The first week of April was completely blown out, with winds gusting to 25 knots. We did make it out for one charter, where the Trout were plentiful. The other two charters were rescheduled for later in the month.
The second week brought better conditions, tight lines, and big fish. Pictured below, Liam and Aly enjoying a mid-week trip with their grandfather. Liam was ready for anything! He battled this 5 foot Black-Tip Shark like a champ! The shark was released, but the memories will last a lifetime. They also caught numerous Trout, Jack Crevalle, and mixed bag fish.
Later in the week, I had the pleasure of guiding experienced fishermen, the Neuman father-daughter duo. Still waiting on some of the pictures and video to be edited, but I can tell you the story.
The day started out with stories of grandeur, finding out Miss Neuman had just returned from a fishing trip in Mexico, where she caught and released her first Striped Marlin and was looking forward to her first Tarpon release. No pressure for this captain!
As we headed out, I explained my techniques for fishing the Ten Thousand Islands. I don’t target specific species, but rather target all species with a focus toward the desired species. That day, it was Tarpon.
Fishing began on a low tide, with a strong incoming tide, which is the preferred tide in the 10K. We started on the outside points, catching bait and Trout in the process, while watching the Everglades wildlife wake up.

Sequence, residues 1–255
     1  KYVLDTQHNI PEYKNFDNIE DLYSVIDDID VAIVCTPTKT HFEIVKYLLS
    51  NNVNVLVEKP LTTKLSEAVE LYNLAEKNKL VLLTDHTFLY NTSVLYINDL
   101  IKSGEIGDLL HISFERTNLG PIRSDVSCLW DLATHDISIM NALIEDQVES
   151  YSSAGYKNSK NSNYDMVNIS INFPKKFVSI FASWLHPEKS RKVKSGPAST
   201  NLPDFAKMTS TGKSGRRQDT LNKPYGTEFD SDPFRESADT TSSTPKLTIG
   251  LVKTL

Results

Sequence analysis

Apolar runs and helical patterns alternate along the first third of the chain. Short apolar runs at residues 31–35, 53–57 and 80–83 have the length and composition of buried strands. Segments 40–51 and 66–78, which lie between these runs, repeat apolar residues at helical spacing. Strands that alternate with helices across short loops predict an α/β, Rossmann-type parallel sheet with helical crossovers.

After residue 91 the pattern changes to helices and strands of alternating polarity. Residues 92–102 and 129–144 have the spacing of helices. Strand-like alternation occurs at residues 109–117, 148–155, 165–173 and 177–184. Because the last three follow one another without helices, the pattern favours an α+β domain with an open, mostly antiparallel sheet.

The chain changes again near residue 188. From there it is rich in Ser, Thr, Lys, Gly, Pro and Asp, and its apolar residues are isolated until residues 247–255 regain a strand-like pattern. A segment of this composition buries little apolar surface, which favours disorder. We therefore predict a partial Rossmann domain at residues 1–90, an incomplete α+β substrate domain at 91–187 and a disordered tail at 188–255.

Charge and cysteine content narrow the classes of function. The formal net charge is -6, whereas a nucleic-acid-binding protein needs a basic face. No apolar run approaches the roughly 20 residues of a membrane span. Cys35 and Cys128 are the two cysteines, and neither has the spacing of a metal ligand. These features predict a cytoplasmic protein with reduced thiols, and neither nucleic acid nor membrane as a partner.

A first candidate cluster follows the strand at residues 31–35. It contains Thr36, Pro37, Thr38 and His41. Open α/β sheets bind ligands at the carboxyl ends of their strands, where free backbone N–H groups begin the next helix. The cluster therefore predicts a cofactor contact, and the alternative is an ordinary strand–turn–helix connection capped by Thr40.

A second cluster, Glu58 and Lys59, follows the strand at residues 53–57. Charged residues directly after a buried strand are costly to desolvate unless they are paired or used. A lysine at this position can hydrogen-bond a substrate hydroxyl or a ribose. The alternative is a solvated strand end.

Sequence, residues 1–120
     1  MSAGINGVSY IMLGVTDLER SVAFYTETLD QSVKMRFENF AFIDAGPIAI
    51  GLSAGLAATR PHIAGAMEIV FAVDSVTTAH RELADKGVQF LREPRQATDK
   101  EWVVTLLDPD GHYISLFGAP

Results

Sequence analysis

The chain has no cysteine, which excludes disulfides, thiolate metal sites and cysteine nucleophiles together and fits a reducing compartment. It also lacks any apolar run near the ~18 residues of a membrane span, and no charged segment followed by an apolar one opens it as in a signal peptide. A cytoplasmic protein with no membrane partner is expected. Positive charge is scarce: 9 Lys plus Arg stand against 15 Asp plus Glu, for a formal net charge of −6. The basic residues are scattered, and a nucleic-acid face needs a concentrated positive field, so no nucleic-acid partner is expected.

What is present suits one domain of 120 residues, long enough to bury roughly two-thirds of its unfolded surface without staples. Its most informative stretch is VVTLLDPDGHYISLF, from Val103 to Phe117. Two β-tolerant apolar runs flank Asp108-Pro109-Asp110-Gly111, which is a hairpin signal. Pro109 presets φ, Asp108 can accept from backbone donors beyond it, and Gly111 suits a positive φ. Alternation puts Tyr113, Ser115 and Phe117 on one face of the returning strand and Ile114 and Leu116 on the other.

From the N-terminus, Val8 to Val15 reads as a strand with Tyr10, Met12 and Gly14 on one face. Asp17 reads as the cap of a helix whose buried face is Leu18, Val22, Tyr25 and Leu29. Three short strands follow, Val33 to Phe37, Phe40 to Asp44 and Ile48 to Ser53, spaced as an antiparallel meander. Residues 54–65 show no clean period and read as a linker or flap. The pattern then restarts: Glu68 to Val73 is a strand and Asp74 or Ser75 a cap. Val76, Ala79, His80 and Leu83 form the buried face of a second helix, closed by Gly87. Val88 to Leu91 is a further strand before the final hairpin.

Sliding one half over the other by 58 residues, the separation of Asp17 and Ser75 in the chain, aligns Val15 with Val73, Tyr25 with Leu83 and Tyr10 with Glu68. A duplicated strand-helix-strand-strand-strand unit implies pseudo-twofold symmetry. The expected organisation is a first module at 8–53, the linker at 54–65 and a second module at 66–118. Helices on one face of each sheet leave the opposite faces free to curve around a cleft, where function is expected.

After making bait, we went to our first spot. Positioning the vessel on a point, with good moving water, the bite hadn’t turned on yet. We gave it 30-40 minutes and moved on. At the next point, with similar conditions, we anchored the vessel and put two long rods out into the bay, while fishing for trout on the transom, facing the island points. The Trout coming off of the point were in good size and numbers, but nothing was hitting the big baits in the bay. We fished there for an hour, loading the cooler with Trout.
Moving on to the third point of the day and positioning the vessel and bait in the same fashion, we were in for a surprise. While thinking Snook and Trout close to the Mangroves on light tackle and large baits out into the bay for Shark and Tarpon, a 175 pound Tarpon decided to eat Miss Neuman’s trout bait (15 pound spinning gear), close to the Mangroves. Boy were we shocked when this monster Tarpon came out of the water 20 feet behind the boat.
The rule is, if you hook a Tarpon on light tackle and have it on for the first three jumps, there is a chance of catching it. Miss Neuman battled this beast for an estimated one hour and 30 minutes, with several jumps and two leader touches. This silver king finally swam away, unharmed, leaving this father and daughter duo with memories and fish tales for many seasons to come.
I hear there is some great video footage. Once it’s edited, we will add it to the blog. In the meantime, here are a couple of the trout caught that day.